That one had rolled into the art room in his wheelchair wearing a Pittsburgh Steelers shirt. Though he didn't have hair, I knew he was fair haired like my boys. My first thought: Well, this one? He could be mine. Is it because there is something in the shy smile that reminds me of my Kyle? Something about the little nose that reminds me of my Drew? Something in his humor that reminds me of my Joe?
His smile is infrequent, but wide and bright. His blue eyes are soulful and mature past their age. A smattering of light freckles cross his nose. A pink bandana is tied in defiance around his bald head with the logo shouting Cancer Fears Me. In both his looks and demeanor he could be any one of my three boys. He is reserved, but polite. He is intense, yet easy to be around. He is quiet, but engaging. Perhaps he is a little angry. For certain, he is tired. Absolutely, he should be both of these.
After he takes care of my friend, Randi, in numerous games of Connect Four, I take my place across from him and make no mistake, I intend to win. I concentrate and look him deep in the eyes telling him that I didn't even let my own kids beat me at games, even when they were preschoolers. No mercy. He goes on to beat me about 15 times, finding ways to create four in a row that no one else in the room notices. Later he leaves for another area of the clinic for some other procedure, something I do not want to know about, nor have the right to ask about, so I breezily wave good-bye, sigh deeply and turned to see who else might want to color or play or pretend.
Later that night Drew falls asleep on the way home from our after-practice dinner out and I drive a little more slowly home. I sit in the car an extra few minutes in the driveway and watch him sleep. I turn up the radio and count his breaths in and out of lungs clear of tumors. I thank God for his full head of hair, his two strong legs that run and jump and hang over the side of the seat, his little feet growing bigger and almost now touching the floor board. I think of my new friend whose face takes shape in my mind's eye right next to that of my healthy, vibrant child. I know what God is doing here.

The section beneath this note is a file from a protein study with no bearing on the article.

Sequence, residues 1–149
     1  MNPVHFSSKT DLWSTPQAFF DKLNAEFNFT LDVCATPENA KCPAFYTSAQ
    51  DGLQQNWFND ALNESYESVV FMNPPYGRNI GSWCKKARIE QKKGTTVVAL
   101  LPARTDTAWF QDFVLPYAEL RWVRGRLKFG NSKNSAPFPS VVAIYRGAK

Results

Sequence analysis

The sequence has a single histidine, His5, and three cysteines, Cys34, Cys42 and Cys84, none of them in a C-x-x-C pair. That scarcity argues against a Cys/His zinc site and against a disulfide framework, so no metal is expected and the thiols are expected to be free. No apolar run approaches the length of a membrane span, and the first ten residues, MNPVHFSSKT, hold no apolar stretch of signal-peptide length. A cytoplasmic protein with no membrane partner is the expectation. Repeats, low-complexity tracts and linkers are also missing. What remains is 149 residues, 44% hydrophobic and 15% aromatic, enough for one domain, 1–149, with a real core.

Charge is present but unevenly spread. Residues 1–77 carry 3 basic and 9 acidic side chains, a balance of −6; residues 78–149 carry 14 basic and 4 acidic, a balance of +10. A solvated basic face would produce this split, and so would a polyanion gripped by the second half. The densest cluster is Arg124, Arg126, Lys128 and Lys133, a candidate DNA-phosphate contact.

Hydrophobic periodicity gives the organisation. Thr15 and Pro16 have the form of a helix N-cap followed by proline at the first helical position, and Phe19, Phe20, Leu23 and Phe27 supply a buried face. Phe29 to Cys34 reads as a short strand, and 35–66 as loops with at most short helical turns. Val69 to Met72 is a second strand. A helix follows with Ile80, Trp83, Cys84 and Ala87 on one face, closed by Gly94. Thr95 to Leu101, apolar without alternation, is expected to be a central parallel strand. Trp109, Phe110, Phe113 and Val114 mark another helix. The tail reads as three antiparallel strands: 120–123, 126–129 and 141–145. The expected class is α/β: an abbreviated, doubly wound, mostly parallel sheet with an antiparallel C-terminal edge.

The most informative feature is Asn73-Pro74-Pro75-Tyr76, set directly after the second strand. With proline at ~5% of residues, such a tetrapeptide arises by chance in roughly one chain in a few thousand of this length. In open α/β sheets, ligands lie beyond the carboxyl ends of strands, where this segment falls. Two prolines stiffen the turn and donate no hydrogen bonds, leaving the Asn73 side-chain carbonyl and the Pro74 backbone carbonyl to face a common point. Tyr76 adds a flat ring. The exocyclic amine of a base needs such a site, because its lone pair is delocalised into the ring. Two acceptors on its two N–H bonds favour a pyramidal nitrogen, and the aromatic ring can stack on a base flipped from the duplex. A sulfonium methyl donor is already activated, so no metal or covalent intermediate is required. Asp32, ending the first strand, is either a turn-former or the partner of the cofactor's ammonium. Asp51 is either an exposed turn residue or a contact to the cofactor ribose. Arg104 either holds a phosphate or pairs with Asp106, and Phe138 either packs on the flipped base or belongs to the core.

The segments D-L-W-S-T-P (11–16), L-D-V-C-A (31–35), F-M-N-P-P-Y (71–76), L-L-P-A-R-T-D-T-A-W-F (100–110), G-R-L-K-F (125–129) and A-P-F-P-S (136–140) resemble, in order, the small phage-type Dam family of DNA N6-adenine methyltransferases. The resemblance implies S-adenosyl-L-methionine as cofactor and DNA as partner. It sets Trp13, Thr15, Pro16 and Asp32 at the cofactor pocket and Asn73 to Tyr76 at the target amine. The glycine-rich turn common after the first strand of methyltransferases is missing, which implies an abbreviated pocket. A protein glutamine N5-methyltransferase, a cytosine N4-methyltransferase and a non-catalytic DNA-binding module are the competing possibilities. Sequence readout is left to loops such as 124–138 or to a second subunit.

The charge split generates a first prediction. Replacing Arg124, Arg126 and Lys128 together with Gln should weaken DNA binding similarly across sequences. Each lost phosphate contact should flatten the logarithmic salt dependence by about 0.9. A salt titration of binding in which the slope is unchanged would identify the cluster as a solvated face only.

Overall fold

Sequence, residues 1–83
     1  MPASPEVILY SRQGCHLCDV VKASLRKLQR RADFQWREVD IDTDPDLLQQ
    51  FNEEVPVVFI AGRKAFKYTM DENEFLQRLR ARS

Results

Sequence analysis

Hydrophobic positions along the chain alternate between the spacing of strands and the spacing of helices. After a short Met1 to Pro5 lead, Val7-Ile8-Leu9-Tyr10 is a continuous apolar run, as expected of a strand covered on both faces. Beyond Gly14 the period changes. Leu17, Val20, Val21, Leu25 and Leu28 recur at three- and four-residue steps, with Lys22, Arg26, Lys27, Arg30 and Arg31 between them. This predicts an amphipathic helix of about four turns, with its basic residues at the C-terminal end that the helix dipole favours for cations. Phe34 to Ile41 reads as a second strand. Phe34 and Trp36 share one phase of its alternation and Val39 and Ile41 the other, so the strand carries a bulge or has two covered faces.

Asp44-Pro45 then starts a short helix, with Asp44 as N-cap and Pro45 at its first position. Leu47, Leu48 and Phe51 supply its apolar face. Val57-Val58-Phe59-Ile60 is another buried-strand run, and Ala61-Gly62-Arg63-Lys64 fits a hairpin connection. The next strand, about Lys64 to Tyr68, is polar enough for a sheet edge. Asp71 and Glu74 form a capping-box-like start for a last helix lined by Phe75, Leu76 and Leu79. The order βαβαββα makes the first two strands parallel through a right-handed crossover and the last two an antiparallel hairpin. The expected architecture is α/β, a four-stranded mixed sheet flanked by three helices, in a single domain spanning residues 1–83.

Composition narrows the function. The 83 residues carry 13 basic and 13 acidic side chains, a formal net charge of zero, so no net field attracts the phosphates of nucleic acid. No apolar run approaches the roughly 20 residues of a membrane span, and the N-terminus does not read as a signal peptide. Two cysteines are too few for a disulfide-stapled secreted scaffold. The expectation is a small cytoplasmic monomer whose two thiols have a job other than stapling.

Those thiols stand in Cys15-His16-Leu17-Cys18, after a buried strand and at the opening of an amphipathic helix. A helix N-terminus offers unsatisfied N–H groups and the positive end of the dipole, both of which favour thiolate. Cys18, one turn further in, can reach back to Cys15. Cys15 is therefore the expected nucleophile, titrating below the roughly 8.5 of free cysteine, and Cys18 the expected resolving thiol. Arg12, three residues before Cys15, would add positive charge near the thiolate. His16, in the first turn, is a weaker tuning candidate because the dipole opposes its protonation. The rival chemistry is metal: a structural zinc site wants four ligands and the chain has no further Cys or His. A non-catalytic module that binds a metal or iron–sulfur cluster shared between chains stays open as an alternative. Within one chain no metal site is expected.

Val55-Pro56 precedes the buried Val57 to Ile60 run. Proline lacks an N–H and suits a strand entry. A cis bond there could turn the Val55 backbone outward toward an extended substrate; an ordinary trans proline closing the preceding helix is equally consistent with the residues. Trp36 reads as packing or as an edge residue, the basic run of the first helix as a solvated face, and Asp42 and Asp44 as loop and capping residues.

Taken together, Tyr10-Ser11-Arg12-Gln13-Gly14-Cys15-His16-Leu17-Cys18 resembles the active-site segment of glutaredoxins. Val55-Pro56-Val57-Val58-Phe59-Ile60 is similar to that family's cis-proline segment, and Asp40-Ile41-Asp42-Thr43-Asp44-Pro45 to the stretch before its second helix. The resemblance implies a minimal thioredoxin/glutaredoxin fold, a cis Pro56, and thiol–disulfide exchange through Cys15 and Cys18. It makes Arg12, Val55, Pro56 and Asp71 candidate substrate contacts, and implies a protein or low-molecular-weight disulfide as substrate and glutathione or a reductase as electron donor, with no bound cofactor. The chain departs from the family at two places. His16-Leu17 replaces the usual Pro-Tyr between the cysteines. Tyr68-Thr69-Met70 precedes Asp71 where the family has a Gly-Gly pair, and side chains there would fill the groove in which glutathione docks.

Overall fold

He's telling me it's okay to be mad and it's okay to not understand. It's okay to feel ill equipped to handle these new tasks I've taken on and it's okay to wonder if I can do this because really who can handle this? Really, who in the world? These nurses are handling it. These parents are handling it. These children are handling it. They have no choice. I found that I have a choice. I can realize that I can't make everything perfect, that I can't fix things and that there must be some acceptance, though frustrating, that knowledge is finite this side of heaven.
For me the most important lesson that God is showing me in the moment that I watch Drew sleep is that guilt for my healthy boy is misplaced. Gratitude and obedience are the only two responses He requires of me. Being gratefully obedient to His call to be a wife, a mother, a friend and yes, a girl who sits and plays with trains and makes crafts and jokes across table as she loses at Connect Four again.
I will follow Him in grateful obedience knowing that the children will take place in my heart right next to my own. My heart will be full and also will bear bruises and scars. And the questions will remain. I will always keep learning, if not always finding the answer. Some day I will know it. I will sit at His throne with all those who found out the answers before me and some of those will be children. I think there is knowledge to be gained there that no human mind can comprehend. There won't be a learning curve. It will just be known. I'll know the truth - the truth that Gavin and Gabriella and Ben and Shayla and Michaela and so many others already know. And we'll all be free. Until then I'll keep learning lessons, bearing scars, pleading miracles and I'll absolutely, positively work on my Connect Four skills.
Alex, next time I'm at the clinic, I'll meet you at the craft table for a rematch. Bring it, buddy.
If you would like to help prepare and/or donate supplies for Kyle's Kamp's Clinic Visits, please contact Randi Gladstone at firstname.lastname@example.org.
There are a few reasons I got involved with Kyle's Kamp. My husband went to high school with Rob Hahne and played ball with him. My oldest boys took hitting lessons from Rob. My littlest took his very first baseball clinic, "The Bambinos", with Kyle Hahne when he was four years old. We followed Kyle's journey after he was diagnosed with Leukemia. We prayed for the Hahnes and my boys' teams played in the last two Memorial Day tournaments.